The Best Python Package for Data Visualization

Data visualization is extremely important in data science.

Although you often hear about the importance of data manipulation (i.e., “80% of data science is data manipulation”), data visualization is just as important.

I explained why in a recent blog post about why you need to master data visualization. That blog post has a detailed explanation of why data visualization is important, and I recommend that you read it if you haven’t already.

To summarize though, data visualization:

  • Is required for almost every step of the data science workflow
  • Is critical at every data science job level, but especially at junior and intermediate levels

Whether you’re doing data exploration, data analysis, finding insights, storytelling with data, or building a machine learning model, you will probably need to use data visualization.

So, you need to make learning data visualization a priority.

The Problem of Data Visualization in Python

If you’re a Python user though, you’re going to run into a bit of a problem when you try.

Frankly, data visualization in Python is a pain in the a**.

Matplotlib is hard to use

When I say that data visualization in Python is difficult, I’m mostly talking about Matplotlib.

Matplotlib is the de facto standard for data visualization in Python. It’s the package that’s used in 90% of the books, videos, and courses that I’ve seen. It’s ubiquitous.

But the fact is, Matplotlib is hard to use for the most part.

Things like simple bar charts and scatterplots are somewhat easy to create, but that’s where the simplicity ends.

Doing other relatively simple things like adding multiple lines to a line chart, or creating a “dodged” bar chart (with different bars for different categories) is often confusing.

And slightly more complicated charts, like a small multiple chart, require a lot of confusing syntax.

Additionally, matplotlib doesn’t seem to work well natively with Python dataframes, which are now a standard for data science in Python.

This is in stark contrast to R’s ggplot2. ggplot2, although a little confusing to beginners, is extremely powerful and easy to use once you understand how it works.

Matplotlib, on the other hand, is almost always complicated and confusing. When you use it, things just seem harder than they should be.

Other options are also challenging

In an effort to find something better, I’ve personally looked at other options.

Bokeh is Bad For Data Science and Analytics

I was initially interested in Bokeh, which is very powerful.

But Bokeh is not really great for statistical visualization.

Bokeh excels at interactive visualizations. It’s really designed to produce visualizations that live on the internet, not necessarily static visualizations that are used for data exploration and analysis.

It also doesn’t work as well natively with Pandas dataframes.

So Bokeh has some uses, but I discourage it for data science and data analytics that you perform inside of an IDE.

Plotly is Okay, but Also Has Problems

I’ve also done some work with Plotly.

Plotly does have some strengths. First of all, Plotly is able to create simple visualizations with ease. For example, it’s easy to create a scatterplot, box plot, histogram, or line chart with Plotly. Simple small multiple charts are also relatively easy with Plotly.

It also has a somewhat easy syntax for formatting your charts. Formatting with Plotly is easier than formatting with Matplotlib.

But, whenever I’ve tried to make more complicated charts with multiple layers and/or facets, things start getting hard again.

Things that would be easy in R’s ggplot2 (like detailed charts with multiple layers), are still hard with Plotly. I’ve found myself spending too much time thinking about syntax, instead of just getting work done.

So in my opinion, Plotly is better than Matplotlib, but still needs work.

We Need a Better Data Visualization Option for Python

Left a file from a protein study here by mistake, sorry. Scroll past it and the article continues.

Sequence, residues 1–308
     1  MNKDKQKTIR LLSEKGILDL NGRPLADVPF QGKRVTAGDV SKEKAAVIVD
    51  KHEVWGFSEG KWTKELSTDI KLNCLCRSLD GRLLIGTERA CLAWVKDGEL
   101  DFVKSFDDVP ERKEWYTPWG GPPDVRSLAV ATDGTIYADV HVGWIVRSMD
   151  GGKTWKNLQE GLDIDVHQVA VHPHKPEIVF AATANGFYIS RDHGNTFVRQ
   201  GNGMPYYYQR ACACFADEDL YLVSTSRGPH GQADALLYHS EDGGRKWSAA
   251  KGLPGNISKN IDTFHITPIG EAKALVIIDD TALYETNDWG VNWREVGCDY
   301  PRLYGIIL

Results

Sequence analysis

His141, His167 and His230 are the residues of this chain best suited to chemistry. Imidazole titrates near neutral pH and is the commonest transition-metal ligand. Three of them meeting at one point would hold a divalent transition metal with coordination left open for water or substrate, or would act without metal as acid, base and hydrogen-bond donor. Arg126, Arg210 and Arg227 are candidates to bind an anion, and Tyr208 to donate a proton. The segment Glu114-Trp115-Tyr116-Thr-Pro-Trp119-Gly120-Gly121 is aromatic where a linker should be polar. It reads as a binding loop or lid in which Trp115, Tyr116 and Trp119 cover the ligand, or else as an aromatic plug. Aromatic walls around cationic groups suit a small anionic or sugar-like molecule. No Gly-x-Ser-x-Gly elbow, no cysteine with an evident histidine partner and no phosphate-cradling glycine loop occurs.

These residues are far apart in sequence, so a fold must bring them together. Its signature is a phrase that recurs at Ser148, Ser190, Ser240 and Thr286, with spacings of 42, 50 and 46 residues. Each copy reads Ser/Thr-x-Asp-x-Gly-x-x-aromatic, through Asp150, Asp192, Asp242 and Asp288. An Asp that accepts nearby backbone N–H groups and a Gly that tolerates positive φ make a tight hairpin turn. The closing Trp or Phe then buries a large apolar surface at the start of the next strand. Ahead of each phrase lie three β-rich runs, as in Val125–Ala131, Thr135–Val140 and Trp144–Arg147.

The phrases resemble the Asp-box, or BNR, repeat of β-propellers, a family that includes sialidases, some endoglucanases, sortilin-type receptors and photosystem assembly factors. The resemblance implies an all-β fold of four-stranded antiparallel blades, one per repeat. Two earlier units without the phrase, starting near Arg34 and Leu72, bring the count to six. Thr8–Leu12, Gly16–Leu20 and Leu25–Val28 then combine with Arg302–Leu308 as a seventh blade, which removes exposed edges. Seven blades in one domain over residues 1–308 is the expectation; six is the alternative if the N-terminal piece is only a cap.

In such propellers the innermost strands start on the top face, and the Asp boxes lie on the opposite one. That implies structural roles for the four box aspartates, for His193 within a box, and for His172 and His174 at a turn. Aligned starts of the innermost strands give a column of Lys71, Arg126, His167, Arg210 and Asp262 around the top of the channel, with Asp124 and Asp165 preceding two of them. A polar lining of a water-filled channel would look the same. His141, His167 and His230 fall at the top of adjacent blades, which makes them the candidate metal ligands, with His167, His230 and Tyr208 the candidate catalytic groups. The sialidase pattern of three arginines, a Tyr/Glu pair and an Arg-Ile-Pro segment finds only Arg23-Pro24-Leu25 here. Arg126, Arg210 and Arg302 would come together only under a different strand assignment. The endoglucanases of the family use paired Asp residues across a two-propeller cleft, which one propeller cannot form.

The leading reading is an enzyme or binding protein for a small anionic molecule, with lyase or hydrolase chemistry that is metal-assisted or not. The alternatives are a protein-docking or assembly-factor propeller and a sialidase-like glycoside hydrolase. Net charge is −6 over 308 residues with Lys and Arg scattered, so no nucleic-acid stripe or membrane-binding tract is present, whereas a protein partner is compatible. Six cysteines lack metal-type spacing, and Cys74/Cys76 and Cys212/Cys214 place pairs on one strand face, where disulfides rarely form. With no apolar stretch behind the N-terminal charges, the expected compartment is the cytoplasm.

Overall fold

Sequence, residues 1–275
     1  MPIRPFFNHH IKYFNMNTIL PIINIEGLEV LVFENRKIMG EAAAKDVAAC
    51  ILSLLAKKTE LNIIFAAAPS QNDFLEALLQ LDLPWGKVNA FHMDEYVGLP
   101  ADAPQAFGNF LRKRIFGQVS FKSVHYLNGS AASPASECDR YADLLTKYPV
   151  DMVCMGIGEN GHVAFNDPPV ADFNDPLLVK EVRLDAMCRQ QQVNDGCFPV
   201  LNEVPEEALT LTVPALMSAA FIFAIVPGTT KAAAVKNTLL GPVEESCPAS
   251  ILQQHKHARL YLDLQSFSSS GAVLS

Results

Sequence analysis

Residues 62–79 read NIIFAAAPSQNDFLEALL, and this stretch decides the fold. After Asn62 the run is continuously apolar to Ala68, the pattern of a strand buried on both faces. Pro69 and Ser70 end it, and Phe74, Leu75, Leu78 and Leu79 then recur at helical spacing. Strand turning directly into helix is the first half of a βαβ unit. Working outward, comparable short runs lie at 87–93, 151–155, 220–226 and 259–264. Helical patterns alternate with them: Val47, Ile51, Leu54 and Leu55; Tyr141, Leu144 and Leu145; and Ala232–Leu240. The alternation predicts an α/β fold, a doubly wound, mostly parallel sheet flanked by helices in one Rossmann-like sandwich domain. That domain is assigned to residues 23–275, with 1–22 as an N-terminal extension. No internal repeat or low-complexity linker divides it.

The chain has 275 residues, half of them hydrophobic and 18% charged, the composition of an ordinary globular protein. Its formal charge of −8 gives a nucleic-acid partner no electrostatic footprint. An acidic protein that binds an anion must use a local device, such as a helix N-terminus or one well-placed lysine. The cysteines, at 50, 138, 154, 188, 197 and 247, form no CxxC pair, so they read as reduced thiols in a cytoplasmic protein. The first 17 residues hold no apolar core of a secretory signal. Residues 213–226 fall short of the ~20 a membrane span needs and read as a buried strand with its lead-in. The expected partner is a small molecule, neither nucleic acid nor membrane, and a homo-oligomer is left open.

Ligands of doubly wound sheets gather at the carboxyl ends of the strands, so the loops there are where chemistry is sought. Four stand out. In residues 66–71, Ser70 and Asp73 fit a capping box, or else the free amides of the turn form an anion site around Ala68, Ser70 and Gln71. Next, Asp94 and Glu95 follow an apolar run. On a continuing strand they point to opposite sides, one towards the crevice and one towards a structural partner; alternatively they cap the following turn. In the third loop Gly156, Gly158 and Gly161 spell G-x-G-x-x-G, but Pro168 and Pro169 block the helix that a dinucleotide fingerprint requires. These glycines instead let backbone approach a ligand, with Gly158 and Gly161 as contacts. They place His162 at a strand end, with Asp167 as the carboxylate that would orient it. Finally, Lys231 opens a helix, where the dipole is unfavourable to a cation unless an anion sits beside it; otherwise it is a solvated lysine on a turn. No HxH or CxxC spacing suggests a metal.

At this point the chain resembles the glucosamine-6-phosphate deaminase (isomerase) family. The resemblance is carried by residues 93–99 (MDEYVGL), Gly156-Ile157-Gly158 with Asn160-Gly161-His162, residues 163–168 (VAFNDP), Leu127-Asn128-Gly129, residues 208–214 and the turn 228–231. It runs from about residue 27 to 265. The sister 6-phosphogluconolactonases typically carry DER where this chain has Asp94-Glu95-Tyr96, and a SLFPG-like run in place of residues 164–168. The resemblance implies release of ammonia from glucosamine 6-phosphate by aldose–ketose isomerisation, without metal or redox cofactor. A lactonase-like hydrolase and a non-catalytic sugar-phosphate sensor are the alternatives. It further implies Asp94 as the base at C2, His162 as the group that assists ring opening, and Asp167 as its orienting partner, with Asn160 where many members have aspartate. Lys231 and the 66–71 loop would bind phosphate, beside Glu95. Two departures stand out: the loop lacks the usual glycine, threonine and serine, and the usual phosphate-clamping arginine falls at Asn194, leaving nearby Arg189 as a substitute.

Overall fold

What we really need is a visualization toolkit that’s easy to understand, easy to use, works well with dataframes, and is capable of producing a wide range of statistical visualizations that we can use for data exploration and analysis.

After some research and experimentation, I discovered that such a package exists.

It’s Seaborn.

Learn Seaborn for Data Visualization

After quite a bit of experimentation with various Python data visualization packages, I discovered that Seaborn is the best option right now for statistical data visualization in Python.

There are a few major reasons for this.

Seaborn is Easy to Use

The biggest reason that I like Seaborn is that it’s easy to use.

In Seaborn, most common statistical visualizations can be created with a simple line or a few lines of code.

For example, if you want to create a scatterplot in Seaborn, once you have your data, the plot itself is very easy to create.

sns.scatterplot(data = norm_data
                ,x = 'x_var'
                ,y = 'y_var'

I wrote that code on 3 lines to make it easier to read, but it could have been 1 line of code.

Notice as well that the parameters make sense.

There’s a data parameter to set the dataframe.

And there’s x and y parameters to set the variables that go on the x-axis and y-axis respectively.

The functions in Seaborn are fairly well designed, easy to understand, and easy to use.

Seaborn Enables You to Create a Wide Variety of Statistical Visualizations

Seaborn also enables you to create a wide variety of statistical data visualizations.

For example, bar charts are very straightforward to create.

So are line charts:

An image of a laptop with Seaborn code in an IDE, and a corresponding line chart.

But Seaborn also enables you to create slightly more exotic visualizations.

For example, you can use Seaborn to create violin plots:

A laptop showing Seaborn creating a violin chart.

Two variable density plots:

A laptop showing code that creates a 2-dimensional "jointplot" with Seaborn.

Small multiple charts:

A laptop showing Seaborn creating a Small Multiple chart.

As well as “pair plots,” heatmaps, and more.

Seaborn is a full toolkit for creating data visualizations that will help you analyze your data and find valuable insights.

And like I mentioned previously, all of these visualizations are relatively easy to create. Seaborn has simple functions for creating all of them.

Seaborn Works Natively with DataFrames

Pandas dataframes have become a standard for storing and manipulating data for data science projects.

Because of this, I’d argue that a great data visualization package should work seamlessly with Pandas dataframes.

That’s one of the reasons that I really like Seaborn.

Seaborn works natively with dataframes.